Updated: Jun 3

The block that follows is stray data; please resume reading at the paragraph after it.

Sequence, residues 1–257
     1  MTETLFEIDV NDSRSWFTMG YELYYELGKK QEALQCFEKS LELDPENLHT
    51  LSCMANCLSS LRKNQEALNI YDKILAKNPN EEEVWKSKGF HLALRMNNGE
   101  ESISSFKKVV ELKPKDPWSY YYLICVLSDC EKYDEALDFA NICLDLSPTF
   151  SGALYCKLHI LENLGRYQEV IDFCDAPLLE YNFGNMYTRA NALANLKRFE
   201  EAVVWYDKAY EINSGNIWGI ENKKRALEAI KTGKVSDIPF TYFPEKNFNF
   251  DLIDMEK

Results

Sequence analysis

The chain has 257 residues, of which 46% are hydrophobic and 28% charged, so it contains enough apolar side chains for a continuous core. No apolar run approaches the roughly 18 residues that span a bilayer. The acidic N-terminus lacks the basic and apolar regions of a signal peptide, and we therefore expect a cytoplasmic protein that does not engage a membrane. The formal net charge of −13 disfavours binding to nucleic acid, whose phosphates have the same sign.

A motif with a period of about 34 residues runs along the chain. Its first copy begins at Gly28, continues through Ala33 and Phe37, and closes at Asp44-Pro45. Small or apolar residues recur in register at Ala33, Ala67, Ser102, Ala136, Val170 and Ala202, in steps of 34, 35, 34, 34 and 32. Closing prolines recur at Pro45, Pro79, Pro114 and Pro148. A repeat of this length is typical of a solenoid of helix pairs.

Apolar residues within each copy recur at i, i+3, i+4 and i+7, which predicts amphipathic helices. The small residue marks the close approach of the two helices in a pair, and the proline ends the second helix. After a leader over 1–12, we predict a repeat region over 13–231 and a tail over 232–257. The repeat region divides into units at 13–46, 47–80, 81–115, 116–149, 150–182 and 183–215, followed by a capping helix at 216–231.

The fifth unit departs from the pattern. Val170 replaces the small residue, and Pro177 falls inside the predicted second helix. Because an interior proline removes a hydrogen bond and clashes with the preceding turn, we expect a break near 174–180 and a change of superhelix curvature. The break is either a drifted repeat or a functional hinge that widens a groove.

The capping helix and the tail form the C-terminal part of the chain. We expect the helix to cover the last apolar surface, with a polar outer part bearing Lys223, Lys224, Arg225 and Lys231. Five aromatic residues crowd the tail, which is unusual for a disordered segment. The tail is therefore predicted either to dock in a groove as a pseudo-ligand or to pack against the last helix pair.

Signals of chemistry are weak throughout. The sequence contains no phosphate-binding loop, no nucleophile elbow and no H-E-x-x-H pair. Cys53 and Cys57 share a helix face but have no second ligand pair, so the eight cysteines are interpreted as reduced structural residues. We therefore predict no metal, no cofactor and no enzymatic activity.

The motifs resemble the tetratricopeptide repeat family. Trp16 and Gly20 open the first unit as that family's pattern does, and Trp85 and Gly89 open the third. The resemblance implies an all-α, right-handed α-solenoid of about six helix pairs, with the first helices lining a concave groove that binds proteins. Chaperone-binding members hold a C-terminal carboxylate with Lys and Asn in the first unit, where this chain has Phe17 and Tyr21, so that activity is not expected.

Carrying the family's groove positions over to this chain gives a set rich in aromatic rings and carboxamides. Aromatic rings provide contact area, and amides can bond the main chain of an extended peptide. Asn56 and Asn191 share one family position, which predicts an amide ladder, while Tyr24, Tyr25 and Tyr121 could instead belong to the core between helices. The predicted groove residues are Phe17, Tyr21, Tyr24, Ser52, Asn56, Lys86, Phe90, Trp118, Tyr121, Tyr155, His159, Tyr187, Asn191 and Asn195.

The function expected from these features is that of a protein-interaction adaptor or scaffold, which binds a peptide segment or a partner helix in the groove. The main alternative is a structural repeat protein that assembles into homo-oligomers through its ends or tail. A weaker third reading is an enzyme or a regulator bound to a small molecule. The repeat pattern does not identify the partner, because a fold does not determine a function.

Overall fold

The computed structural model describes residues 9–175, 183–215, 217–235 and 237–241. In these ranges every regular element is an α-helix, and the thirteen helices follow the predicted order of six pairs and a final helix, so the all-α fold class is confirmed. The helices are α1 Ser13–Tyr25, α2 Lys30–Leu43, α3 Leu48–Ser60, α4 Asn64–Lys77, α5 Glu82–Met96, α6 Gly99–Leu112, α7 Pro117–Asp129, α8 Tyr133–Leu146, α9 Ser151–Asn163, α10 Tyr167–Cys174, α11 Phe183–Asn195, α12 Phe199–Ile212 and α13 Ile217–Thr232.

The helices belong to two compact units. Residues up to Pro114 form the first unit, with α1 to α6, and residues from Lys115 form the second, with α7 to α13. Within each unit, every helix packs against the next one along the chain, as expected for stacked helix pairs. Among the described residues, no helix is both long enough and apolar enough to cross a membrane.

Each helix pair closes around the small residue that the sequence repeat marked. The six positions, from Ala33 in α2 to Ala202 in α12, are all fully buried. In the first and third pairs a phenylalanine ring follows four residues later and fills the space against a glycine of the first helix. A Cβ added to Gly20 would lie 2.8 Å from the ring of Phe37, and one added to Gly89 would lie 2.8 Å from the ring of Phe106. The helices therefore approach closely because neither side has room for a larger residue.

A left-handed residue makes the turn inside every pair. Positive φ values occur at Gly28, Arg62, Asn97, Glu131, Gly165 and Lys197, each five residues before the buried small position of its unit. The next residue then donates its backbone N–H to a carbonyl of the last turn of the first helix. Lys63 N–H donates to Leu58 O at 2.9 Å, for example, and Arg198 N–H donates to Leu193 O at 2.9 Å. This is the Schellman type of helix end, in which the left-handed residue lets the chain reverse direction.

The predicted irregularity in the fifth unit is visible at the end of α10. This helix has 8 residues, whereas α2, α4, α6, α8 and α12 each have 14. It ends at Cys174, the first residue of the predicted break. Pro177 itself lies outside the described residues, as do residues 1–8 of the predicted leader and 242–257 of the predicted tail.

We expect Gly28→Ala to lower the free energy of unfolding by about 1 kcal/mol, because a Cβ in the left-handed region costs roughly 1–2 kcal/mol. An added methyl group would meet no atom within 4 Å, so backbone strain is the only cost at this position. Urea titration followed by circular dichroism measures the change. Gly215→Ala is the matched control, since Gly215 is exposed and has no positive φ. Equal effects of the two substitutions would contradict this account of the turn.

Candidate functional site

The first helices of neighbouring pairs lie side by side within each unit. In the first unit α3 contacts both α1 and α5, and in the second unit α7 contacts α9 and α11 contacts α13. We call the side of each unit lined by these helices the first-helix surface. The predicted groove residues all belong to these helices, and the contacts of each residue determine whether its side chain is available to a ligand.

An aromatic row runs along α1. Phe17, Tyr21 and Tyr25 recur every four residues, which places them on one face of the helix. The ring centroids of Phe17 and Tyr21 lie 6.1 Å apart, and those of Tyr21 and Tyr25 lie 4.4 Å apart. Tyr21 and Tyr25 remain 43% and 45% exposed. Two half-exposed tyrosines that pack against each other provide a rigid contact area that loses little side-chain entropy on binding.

"You need to grow thicker skin." Oh, the amount of times I've heard that. It's just about the most insensitive, yet necessary, advice out there. I don't take issue with the message, at least not the way I've come to incorporate it in my life. It's vital to survival in this world. The delivery is usually done harshly and without validating what the other person is going through emotionally. Asking someone to deny or hide what they are experiencing can be harmful and demoralizing. The message has come in different packages throughout my life. When I was a kid playing in the neighborhood and got tackled by the boys during touch football, because I was a girl, I was told, "Stop crying. If you're going to play with the boys you're going to get hurt." I knew at the time that I was being singled out. I didn't understand why, I just knew that they weren't tacking each other, only me. I could have used some constructive advice on how to deal with the situation. That did not happen. When I tried out to be a cheerleader in eighth grade, and the then current cheerleaders were pointing at me and laughing during tryouts because I was missing my two front teeth, the woman in charge said that she knew those girls and there's no way they would have been doing that. She was not present when it happened. No adults were. I was asking for an opportunity to try out again for her, instead of the girls that were making fun of me. I received the message loud and clear. It was all in my head and I needed to get over it because she wasn't going to do anything about it. Slowly I learned what I needed to do to survive emotionally in specific situations as they arose. For instance, I stopped playing in the neighborhood and spent most of my time inside with my grandma. When my teeth became an issue, I blocked out the name calling. "Toothless," was the taunters favorite. I learned to stop my facial and body reactions when someone called it in the school hallways. Then, when I became a cheerleader in High School and our Varsity Football players would sit in front of me in the stands at away games and point and laugh, I would smile and cheer like they weren't making fun of me. These emotional band aids helped for those situations. I wasn't learning actual healthy coping skills that I could apply broadly, just small fixes for incredibly specific circumstances. Those fixes included hiding myself or denying my emotions to make sure others did not hurt me. As an adult I've encountered some incredibly unhealthy people. Even within my family. When I spoke to an elder in my family about sexual assault from another family member, I was told to forgive the person and that I should have no problems being around them myself, or allowing my children to be around them. Similar message from my childhood. Different delivery. As though setting boundaries to protect myself and my children was being too emotional about the situation. "Toughen up. That was a long time ago." Then, as I was recovering from Domestic Violence, I was told by many people to have, "thicker skin." "Stop letting that person get to you." Recovering from Domestic Violence (and Sexual Assault/Trauma of any kind) is a topic for another post. For now, I'll just say that it's not as easy as just "getting over it." It takes focused, concerted effort for long periods of time to truly recover from the booby traps and lies they embed in the psyche. As I tried to force myself not to react to continuing abuse, I started beating myself up for not being able to just let the actions and words, "roll off my back." It's those feelings of inadequacy and rawness that inspired this piece. I often wondered how I could have thicker skin when I barely felt like I had skin at all. I felt completely exposed. Mind, body, and soul. Like every nerve, muscle, organ, cell was right out there for anyone to contaminate and hurt. In order to fake having thicker skin I tried to be emotionless. That was a disaster. I ended up making myself physically ill. By trying to board up my deep emotional well I was denying my true emotional self. I am incredibly fortunate to have a therapist who has extensive knowledge and practice both with survivors and perpetrators. She helped me understand that it wasn't about not feeling. Emotions come and go. Emotions have their own path. My body, mind and soul are going to react. That reaction is not "bad." It is not anything other than a natural reaction. How I choose to move forward with that reaction is what I have control over. This was the key I needed to unlock long term healing and understanding. I'm not weak for having a PTSD episode from a trigger. That is not weakness, it is a built in safety mechanism from our early ancestors. I am not weak for crying when I'm hurt. It's how I choose to use that natural reaction in my life that will either harm me, or others, or help me heal. So, now when I hear, "Toughen up," or "Grow thicker skin," or "Just let it roll of your back," or, "You should be over this by now," or, "Why is this still affecting you," I change the meaning of those statements to something healthier for me. In fact, those statements only helped push me further into shame and anxiety. Now, I know that I will react. I will react in a major way sometimes. I don't have to act on that natural reaction or assign blame or harm to it. I can let it run its course and use my many coping skills to stay as healthy as possible while it's trying to protect me from further harm. It's a chemical reaction in my body. I'm not worried about it. Sometimes I will be raw. Sometimes I will have thick skin. I will always be me. How do you allow your emotions to work in your life for a healthier you?